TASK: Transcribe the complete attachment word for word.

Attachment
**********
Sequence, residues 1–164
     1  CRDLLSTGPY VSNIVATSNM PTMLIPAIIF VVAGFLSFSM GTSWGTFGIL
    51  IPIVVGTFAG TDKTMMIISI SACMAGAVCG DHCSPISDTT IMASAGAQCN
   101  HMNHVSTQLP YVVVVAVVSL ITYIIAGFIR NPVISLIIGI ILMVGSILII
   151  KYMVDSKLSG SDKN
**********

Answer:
Sequence, residues 1–164
     1  CRDLLSTGPY VSNIVATSNM PTMLIPAIIF VVAGFLSFSM GTSWGTFGIL
    51  IPIVVGTFAG TDKTMMIISI SACMAGAVCG DHCSPISDTT IMASAGAQCN
   101  HMNHVSTQLP YVVVVAVVSL ITYIIAGFIR NPVISLIIGI ILMVGSILII
   151  KYMVDSKLSG SDKN